Ukraine needs more weapons to increase attacks on Russian forces

Retired Air Force Brig. Gen. Blaine Holt told reporters on Monday that Ukraine likely can’t wait for U.S. weapons to arrive before launching a major offensive.

Reuters reported Friday that senior U.S. officials advised Ukraine to hold off on beginning a major attack against Russian forces until the latest supply of U.S. weaponry is in place and training has been provided.

“I don’t think they have any choice,” Holt said on “Wake Up America.” “They can’t really listen to the warning. The sad part is that this type of leak would get out there on internal discussions between advisers to the Ukrainian military. This helps the Russians greatly if they’re talking about taking a pause because logistics can’t come to bear, the newest weapons can’t get on the battlefield.

“If you know these things aren’t going to be in the country for months, use the threat of these elevated, much higher tech weapons to get people to some sort of negotiation table because Russia doesn’t want to see the rest of its armed forces depleted or wiped out. They’re contemplating a new mobilization. This is great pressure on Putin’s government if he has to go do that, that means we’ve got some advantages.”

Holt was asked about reports that Russia has suffered 180,000 killed or wounded in Ukraine since Russian President Vladimir Putin began his unprovoked invasion on Feb. 24.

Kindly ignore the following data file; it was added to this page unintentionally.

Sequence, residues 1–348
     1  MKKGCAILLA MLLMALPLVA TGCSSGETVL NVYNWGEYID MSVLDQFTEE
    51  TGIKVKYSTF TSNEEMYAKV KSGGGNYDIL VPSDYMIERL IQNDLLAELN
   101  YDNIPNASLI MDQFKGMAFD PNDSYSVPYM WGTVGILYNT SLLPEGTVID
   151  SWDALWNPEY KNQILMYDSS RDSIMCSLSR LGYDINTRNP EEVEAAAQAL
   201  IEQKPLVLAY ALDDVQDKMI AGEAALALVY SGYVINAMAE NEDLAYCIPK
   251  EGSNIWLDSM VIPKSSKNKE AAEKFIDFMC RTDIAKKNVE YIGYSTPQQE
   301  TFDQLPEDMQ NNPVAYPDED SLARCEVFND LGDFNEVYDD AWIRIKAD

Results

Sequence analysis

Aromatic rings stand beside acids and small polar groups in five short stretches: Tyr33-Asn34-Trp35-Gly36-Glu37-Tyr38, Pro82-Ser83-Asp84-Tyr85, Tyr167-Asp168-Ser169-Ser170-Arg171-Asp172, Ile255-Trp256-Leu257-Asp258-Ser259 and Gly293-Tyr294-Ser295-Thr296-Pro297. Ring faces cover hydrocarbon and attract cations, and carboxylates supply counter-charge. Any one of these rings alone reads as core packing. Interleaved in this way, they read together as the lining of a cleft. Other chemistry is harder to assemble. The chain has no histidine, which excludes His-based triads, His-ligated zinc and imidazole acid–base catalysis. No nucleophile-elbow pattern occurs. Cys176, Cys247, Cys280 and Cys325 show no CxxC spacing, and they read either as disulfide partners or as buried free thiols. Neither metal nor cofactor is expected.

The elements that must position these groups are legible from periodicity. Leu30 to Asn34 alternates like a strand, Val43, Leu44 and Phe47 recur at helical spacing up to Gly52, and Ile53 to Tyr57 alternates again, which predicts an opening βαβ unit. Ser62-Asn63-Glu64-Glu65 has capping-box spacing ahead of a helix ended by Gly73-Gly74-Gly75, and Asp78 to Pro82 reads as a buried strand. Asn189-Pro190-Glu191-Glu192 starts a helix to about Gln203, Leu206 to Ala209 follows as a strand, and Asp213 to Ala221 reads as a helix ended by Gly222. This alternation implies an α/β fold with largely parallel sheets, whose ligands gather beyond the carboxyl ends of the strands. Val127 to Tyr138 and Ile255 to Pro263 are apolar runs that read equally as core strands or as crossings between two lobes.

“They [the dead and wounded] do not matter to Putin. They don’t matter at all,” Holt said. “If you look at the Russian way of warfare going back through history, the frontline soldiers are considered cannon fodder in their system, and, you know, that’s the root ball of why we see the atrocities committed on the battlefield.

“They rape, they plunder, they abduct in addition to the killing, and that’s the culture that is the Russian military, unfortunately. It’s not a professional service.”

Holt was asked whether Americans should be worried when they hear Russian officials that threaten countries supplying Ukraine with more powerful weapons would lead to a global catastrophe.

“The hyperbole is just all over the place. It has been since the start of the war,” Holt said. “They don’t measure words … [Russian Security Council Deputy Chairman Dmitry] Medvedev especially, and then some in their media … but the most important thing strategically we should look at is: As the Russians get further and further their pressure, and they get into trouble internally, does that cause Putin or the Russian military to throw, what I would call, a ‘Hail Mary pass’ and change the entire equation with maybe an invasion out of Belarus, a weapon maybe we haven’t seen on the battlefield before. I think there’s a very worrisome possibility that that could happen.”

Before concluding the interview, co-hosts Rob Finnerty and Alison Maloni asked Holt about the COVID-19 resurgence in China.

“Millions are dying,” said Holt, citing the number of crematoriums running a “24/7 pace.”

“It does look like [Chinese President] Xi Jinping is going to go down in history as the greatest killer of Chinese people surpassing Mao by quite a bit. We could have up to 30 million dead since just December alone.”